Tonight Carp and I attended the monthly SURJ (Standing Up For Racial Justice) meeting, the topic of tonight’s meeting was exploring one’s own self interest in being involved with anti-racist work. SURJ is like a support group for people confronting their own whiteness, and how to move forward as anti-racist activists in our society that is created to privilege white people. White people are the ones benefiting from a racist, so it also makes sense that they should play a part in dismantling it. SURJ’s philosophy is that anti-racist work is not to be done by people of color only. However, SURJ is held accountable and works closely with communities of color, and takes guidance and leadership from People of Color led movements in organizing.
Walking into the church where the meeting is held, we were asked to fill out name tags with our preferred pronouns (i.e. she/her/hers, he/him/his, they/them/theirs) written underneath our names. As we settle into our seats in the church pews, the speaker standing at the front of the room begins by reminding us that the group is trying to move away from a “language of assumptions”. We are reminded to ask, and to listen.
Carp and I snuck two thermoses of hazelnut coffee into the church by hiding them in my purse, and began to sip on our hot beverages once we made it to the safety of our pew. We began by getting to know a couple people around us, and I ran into a few people I had previously met through the refugee resettlement agency. Carp and I formed a group with Gus, a bearded Christian biker sitting next to us.
Led by the prompts on the screen and the speakers’ encouragement, we began by talking about when we first noticed “whiteness.” The prompts were intentionally vague. The speaker begins the discussion by telling her own personal story of realizing that she lived in a white world, which she realized through small things such as being assured that when she bought band aids at the store, she could be sure that they would match her skin tone. This world was built for people who looked like her to move in and out of it safely and she “didn’t have to see race because she could afford not to.”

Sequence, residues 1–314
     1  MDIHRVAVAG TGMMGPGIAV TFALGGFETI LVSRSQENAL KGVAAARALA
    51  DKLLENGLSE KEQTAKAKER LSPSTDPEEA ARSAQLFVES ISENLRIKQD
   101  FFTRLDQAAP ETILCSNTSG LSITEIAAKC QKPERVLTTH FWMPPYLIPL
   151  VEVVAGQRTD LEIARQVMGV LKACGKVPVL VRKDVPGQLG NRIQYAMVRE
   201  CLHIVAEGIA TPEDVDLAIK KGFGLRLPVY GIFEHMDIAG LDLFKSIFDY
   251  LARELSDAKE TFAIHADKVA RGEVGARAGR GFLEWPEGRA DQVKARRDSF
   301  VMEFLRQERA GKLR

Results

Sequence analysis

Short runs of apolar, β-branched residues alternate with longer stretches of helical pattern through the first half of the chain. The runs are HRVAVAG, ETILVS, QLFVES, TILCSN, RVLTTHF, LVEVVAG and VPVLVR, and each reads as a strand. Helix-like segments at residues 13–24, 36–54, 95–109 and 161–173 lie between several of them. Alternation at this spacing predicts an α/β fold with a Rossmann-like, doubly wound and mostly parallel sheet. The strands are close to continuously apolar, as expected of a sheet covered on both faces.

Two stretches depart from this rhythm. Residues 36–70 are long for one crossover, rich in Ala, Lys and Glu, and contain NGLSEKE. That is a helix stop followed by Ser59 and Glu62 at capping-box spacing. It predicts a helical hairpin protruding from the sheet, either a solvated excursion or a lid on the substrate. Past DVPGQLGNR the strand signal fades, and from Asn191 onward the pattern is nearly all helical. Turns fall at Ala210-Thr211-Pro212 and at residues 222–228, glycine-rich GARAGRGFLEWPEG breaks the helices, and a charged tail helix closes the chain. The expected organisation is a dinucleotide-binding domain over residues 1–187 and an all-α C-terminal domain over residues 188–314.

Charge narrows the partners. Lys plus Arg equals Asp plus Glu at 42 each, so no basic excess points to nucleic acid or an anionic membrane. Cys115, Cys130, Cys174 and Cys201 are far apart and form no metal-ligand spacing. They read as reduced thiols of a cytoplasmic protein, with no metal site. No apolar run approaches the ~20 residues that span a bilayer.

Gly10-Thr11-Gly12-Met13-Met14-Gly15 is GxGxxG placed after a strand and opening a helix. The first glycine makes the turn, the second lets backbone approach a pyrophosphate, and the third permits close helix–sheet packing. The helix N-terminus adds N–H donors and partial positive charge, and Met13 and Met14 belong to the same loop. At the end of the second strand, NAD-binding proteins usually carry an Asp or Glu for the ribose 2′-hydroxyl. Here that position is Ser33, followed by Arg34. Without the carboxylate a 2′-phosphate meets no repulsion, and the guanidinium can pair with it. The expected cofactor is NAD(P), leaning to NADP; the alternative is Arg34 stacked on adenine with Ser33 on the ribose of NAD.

The speakers also told about her first experience working in a predominantly black community. She was reading all kinds of books about the black experience in America, trying to figure out how to do her job and understand the people she was working with to the best of her ability. Her African American boss told her one day to put the books down and just be there with people. Don’t assume anything: continue to ask questions, but just be there and start doing. They would call her out when she was heading in the wrong direction.
In my small group I brought up the first time I could remember noticing my own whiteness. I grew up in a predominantly white community, and the first time I remember seeing a majority of people of color was when I went to the local college basketball game as a little kid. This was the first time I can remember of recognizing my own skin color, and deeply wondering what it would be like to be a different skin color.
The next speaker spoke about the concept of self interest. Was it a positive, or a negative thing? People in the audience were unsure, but a few more hands raised in favor of negative. The speaker then began to break down a few archetypes of people:
Selfish people are only in relationship with themselves. Because of this, they cannot be trusted by other people, because they sometimes seek to manipulate others for their own gain. Selfishness has been used by oppressive forces in the past.